Masters 2012: Rory McIlroy Is Poised for a Leap to Top of the Leaderboard
Last year, Rory McIlroy was riding high by the time Day 3 rolled around.
This year, with all of the attention centered on Fred Couples, Jason Dufner and Lee Westwood, he has the luxury of sneaking into first place. And seeing as he enters the third-round action at Augusta just one stroke off the lead, he's in prime position to get the job done.
McIlroy is currently tied for third place at four strokes under, joining the likes of Bubba Watson, Sergio Garcia, Louis Oosthuizen and Lee Westwood. It's been a steady climb for him after a rough start to the first round and a very solid performance in the second.
As he learned very well last year, a fast start gets you nowhere, so he likes where he's sitting right now.
The pressure facing McIlroy entering this year's Masters was enough to break any 22-year-old, and it nearly did, judging from the way his first round began. He double-bogeyed the first hole, but quickly righted the ship with a birdie, then did the same on the eighth and ninth holes to finish the front nine with a one-under 35. The back nine proved to be a challenge as well—he bogeyed the 11th and 13th—but birdies on the final two holes left him with a one-under 71 on the day.
Round 2 is where McIlroy really began to do his damage. He was cruising after three birdies on the front nine, and even despite a coupe of bogeys at the beginning and the end of the back nine, he finished the second day at three-under.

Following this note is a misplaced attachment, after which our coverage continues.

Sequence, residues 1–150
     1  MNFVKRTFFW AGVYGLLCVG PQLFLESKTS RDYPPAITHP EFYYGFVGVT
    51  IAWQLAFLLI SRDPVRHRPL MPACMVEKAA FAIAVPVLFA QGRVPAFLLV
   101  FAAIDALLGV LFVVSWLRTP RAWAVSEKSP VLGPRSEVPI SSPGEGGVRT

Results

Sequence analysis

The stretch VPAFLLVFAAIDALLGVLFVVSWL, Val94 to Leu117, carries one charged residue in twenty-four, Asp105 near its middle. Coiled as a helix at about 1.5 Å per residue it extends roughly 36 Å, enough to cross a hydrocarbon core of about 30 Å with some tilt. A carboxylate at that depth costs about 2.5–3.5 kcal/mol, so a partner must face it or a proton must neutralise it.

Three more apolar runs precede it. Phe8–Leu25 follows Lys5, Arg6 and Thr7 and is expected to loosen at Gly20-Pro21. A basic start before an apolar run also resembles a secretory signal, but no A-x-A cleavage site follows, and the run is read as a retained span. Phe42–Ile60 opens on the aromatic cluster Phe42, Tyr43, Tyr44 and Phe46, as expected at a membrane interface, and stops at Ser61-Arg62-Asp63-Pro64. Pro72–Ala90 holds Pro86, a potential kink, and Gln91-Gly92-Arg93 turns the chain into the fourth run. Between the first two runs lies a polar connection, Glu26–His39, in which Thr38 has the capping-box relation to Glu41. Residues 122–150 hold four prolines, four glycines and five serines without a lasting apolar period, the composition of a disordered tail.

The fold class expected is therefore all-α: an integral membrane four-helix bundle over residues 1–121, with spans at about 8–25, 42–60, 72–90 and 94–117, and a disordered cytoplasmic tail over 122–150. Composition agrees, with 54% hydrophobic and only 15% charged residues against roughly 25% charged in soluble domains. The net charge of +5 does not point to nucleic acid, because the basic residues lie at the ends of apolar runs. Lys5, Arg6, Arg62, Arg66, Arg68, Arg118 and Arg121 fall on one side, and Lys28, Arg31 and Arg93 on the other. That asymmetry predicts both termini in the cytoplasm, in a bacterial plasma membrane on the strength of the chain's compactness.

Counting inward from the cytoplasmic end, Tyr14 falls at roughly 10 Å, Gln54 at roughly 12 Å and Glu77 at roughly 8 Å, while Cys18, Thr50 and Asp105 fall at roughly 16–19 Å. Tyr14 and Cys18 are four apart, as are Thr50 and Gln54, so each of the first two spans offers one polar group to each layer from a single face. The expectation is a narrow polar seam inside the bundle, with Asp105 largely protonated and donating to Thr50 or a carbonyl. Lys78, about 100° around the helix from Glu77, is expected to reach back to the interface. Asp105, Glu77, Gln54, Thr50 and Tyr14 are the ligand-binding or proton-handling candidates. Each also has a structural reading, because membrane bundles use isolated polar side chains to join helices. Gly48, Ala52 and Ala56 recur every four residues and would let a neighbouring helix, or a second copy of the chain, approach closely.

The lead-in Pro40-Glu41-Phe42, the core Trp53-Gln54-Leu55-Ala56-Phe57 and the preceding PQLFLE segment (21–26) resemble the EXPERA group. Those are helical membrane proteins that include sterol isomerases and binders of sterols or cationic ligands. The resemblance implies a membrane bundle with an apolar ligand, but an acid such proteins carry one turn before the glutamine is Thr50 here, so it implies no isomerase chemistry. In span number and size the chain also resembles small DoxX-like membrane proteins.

McIlroy is steadily improving as the tournament wears on. Now, he needs just one stroke to tie Couples and Dufner atop the leaderboard. Yet he refused to get ahead of himself. He saw firsthand the kind of damage that can do when he entered last year's final found with a four-stroke lead. A lack of focus can make it all slip away very quickly.
But he also knows it can happen to Couples and Dufner, and he knows how to avoid it.
After Friday's second round, McIlroy refused to look ahead to the top of the leaderboard. Instead, he focused on himself, on what he needs to do to get there. He told the Golf Channel's Jay Coffin:
I wouldn't say I'm in a position to win yet, but we'll see what happens [on Saturday]. It will definitely be nice to feel like I'm in a good position going into Sunday. I feel like I've played solid golf the last two days. Could have been a couple shots better, like probably everyone in the field is thinking.
McIlroy isn't yet focusing on everything he's done right. Knowing that he still has two rounds to surge ahead, he's focusing on the areas in which he can improve. And this year, lucky for him, he doesn't have to deal with the pressure of being the early leader.
He's in a good position, but not good enough. Fortunately, given all of the mistakes he made last year, he knows how to be good enough, and it doesn't involve complacency.
Last year, McIlroy learned that fast starters don't win the race. That honor is reserved for the slow and steady contenders, and that's exactly what he is this year.
What is the duplicate article?
Why is this article offensive?
Where is this article plagiarized from?
Why is this article poorly edited?